Cottage/Informal Garden, Flower Borders and Beds, Rock gardens, Containers. Coastal.
Potentilla is a genus containing over 300 species of annual, biennial and perennial herbaceous flowering plants in the rose family, Rosaceae. Potentilla are generally only found throughout the northern continents of the world (holarctic), though some may even be found in montane biomes of the New Guinea Highlands.
Potentilla nepalensis is a species that is native to East Asia and West Himalayas, from Pakistan to Nepal. The species can be found in grazing grounds and cultivated areas, at elevations of 2,100 to 2,700 metres (6,900 to 8,900 ft) above sea level.
The genus name has its origin is the French ‘potence’ meaning ‘potent’ (strong, powerful or mighty). The origin of these words is the Latin potens, which has the same meaning. Historically it was believed to be a potent medicinal plant.
The species nepalensis means 'of or from Nepal'
Pronounced poh-ten-TILL-uh: nap-ahl-EN-sis. They are commonly called cinquefoils in English. The plants have a five-fingered arrangement of leaves, to which the name ‘cinquefoil’, meaning ‘five-leaf’ alludes.
The cultivar name honours Ron McBeath, a respected alpine grower and plant hunter, and the former assistant curator of plants at the Royal Botanic Garden in Edinburgh, Scotland.
Berwickshire in the south of Scotland is rather remote from Western China, but a large percentage of Chinese plants in cultivation have found their way to gardens via the great explorers of China. Ron McBeath, whose garden harbors many Chinese treasures, is among the foremost of the modern plant explorers.
For decades he traveled almost yearly to China to collect for Royal Botanic Gardens, Edinburgh. He spent more than 20 years at the Royal Botanic Gardens, where he oversaw herbaceous collections and databases.
Ron left RBG to found Lamberton Nursery, a rare plant nursery very near the English border. Although he has largely phased out nursery operations, he and his wife Susan have time to themselves now and have developed a marvelous private garden filled with the very best plants.
Plants named after him include Persicaria affinis 'Ron McBeath' and the wonderfully named Muscari mcbeathianum.
As an Emblem
In heraldry and in architecture, the cinquefoil emblem or 'potentilla' signified strength, power, honour and loyalty.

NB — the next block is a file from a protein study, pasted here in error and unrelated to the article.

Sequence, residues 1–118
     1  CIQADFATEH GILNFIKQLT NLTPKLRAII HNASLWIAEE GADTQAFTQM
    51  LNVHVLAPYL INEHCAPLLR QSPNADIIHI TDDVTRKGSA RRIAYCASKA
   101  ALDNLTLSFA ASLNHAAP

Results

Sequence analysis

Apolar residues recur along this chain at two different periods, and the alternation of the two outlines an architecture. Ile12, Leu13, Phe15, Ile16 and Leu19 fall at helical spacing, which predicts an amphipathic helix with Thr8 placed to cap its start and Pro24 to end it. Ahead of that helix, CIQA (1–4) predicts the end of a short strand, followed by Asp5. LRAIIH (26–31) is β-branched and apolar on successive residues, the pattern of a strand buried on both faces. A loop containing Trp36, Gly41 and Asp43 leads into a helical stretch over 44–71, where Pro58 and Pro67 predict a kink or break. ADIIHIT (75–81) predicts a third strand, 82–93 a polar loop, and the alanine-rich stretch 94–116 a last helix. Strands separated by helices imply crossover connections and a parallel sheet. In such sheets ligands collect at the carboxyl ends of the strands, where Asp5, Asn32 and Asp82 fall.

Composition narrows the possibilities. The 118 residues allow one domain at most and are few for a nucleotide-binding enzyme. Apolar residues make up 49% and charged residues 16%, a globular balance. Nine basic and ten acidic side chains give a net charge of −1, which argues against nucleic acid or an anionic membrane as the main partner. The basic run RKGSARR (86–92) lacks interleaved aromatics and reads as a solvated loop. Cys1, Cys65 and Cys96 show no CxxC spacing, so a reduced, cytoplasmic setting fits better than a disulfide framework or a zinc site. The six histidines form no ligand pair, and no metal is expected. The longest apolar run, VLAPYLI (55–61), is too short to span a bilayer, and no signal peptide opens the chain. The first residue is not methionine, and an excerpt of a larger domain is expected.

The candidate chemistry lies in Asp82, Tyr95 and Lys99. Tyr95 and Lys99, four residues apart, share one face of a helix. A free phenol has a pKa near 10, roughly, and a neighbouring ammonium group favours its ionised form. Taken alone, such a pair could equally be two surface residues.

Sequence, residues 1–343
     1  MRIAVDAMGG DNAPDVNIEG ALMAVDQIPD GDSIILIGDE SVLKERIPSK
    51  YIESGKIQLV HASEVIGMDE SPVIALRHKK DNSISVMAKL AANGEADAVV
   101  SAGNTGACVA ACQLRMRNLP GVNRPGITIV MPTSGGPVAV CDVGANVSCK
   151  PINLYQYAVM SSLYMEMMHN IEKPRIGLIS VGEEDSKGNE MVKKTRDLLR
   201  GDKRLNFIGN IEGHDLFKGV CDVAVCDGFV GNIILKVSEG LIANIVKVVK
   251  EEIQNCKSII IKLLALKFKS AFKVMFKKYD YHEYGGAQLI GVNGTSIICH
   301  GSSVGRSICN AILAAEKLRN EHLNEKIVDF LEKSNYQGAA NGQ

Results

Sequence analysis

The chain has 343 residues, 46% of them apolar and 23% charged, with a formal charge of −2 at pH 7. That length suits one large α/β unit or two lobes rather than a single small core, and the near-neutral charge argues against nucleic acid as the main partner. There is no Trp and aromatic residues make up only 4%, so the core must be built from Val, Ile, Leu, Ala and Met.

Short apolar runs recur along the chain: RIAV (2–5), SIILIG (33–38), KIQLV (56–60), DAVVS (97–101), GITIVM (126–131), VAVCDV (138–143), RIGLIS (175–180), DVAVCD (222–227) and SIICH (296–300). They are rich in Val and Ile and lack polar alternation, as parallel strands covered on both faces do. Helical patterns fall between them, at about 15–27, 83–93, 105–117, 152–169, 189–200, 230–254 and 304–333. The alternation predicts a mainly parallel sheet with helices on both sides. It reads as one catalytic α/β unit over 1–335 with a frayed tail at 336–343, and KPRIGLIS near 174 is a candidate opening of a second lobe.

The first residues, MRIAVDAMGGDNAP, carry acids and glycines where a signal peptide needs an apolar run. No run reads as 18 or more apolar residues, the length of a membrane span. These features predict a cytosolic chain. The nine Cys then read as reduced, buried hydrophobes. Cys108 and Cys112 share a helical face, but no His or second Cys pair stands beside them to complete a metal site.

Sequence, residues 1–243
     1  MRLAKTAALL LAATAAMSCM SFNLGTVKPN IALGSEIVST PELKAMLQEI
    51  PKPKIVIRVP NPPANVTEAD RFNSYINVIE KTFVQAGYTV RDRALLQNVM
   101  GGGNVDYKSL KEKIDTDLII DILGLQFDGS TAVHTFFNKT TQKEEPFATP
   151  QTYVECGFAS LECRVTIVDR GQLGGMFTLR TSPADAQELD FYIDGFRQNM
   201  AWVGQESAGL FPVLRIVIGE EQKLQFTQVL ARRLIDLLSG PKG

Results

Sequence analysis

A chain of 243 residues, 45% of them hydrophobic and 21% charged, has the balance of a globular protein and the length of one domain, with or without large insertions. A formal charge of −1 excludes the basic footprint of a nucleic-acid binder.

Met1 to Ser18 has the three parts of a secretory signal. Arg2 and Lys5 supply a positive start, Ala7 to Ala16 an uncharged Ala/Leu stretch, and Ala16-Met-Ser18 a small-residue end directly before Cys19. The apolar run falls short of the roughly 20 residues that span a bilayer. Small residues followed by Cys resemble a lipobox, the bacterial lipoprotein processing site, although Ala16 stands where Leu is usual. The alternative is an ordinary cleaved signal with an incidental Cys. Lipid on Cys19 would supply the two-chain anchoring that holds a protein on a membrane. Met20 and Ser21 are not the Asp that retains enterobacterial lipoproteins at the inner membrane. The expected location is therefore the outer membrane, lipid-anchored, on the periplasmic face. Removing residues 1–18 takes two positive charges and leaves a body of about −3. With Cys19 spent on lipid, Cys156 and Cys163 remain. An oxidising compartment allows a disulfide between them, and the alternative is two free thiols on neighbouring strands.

Depiction of the five-petalled flower appears as early as 1033, in the architecture of the church built in the village of Reulle-Vergy (Burgundy, France), two years before the reign of William the Conqueror.
From the 11th to 14th century, the word 'potence', related to Potentilla, as above, was used mainly in a military context and to describe the condition of the soul. During the time of William the Conqueror, the potentilla was used as an emblem on the coat of arms of Bardolph of Bretagne, who in 1066 was the master of the William's military engineer corps.
Other commonly used flower-like charges (called 'foils') include:-
• trefoil (with three petals),
• quatrefoil (with four petals),
• cinquefoil (with five petals),
• sexfoil (with six petals);
• The septfoil (with seven petals) appears in the arms of the 63rd Armor of the United States Army.
• The double quatrefoil (with eight petals) is in England the seldom if ever seen cadency mark of the ninth son.
- Additional Information
Packet Size 25 mg Average Seed Count 100 Seeds Family Rosaceae Genus Potentilla Species nepalensis Cultivar Ron McBeath Common Name Cinquefoil Hardiness Hardy Perennial Hardy Hardy to minus 29°C (-20°F) Flowers Carmine-red flowers, each defined by a dark crimson eye. Natural Flower Time Late June to September Foliage Serrated edged strawberry-like leaves Height 30cm (12in) Spread 30cm (12in) Position Full sun to light shade. Soil Any reasonable garden soil. Time to Sow Sow in late winter/late spring or late summer/autumn. Germination 14 to 30 days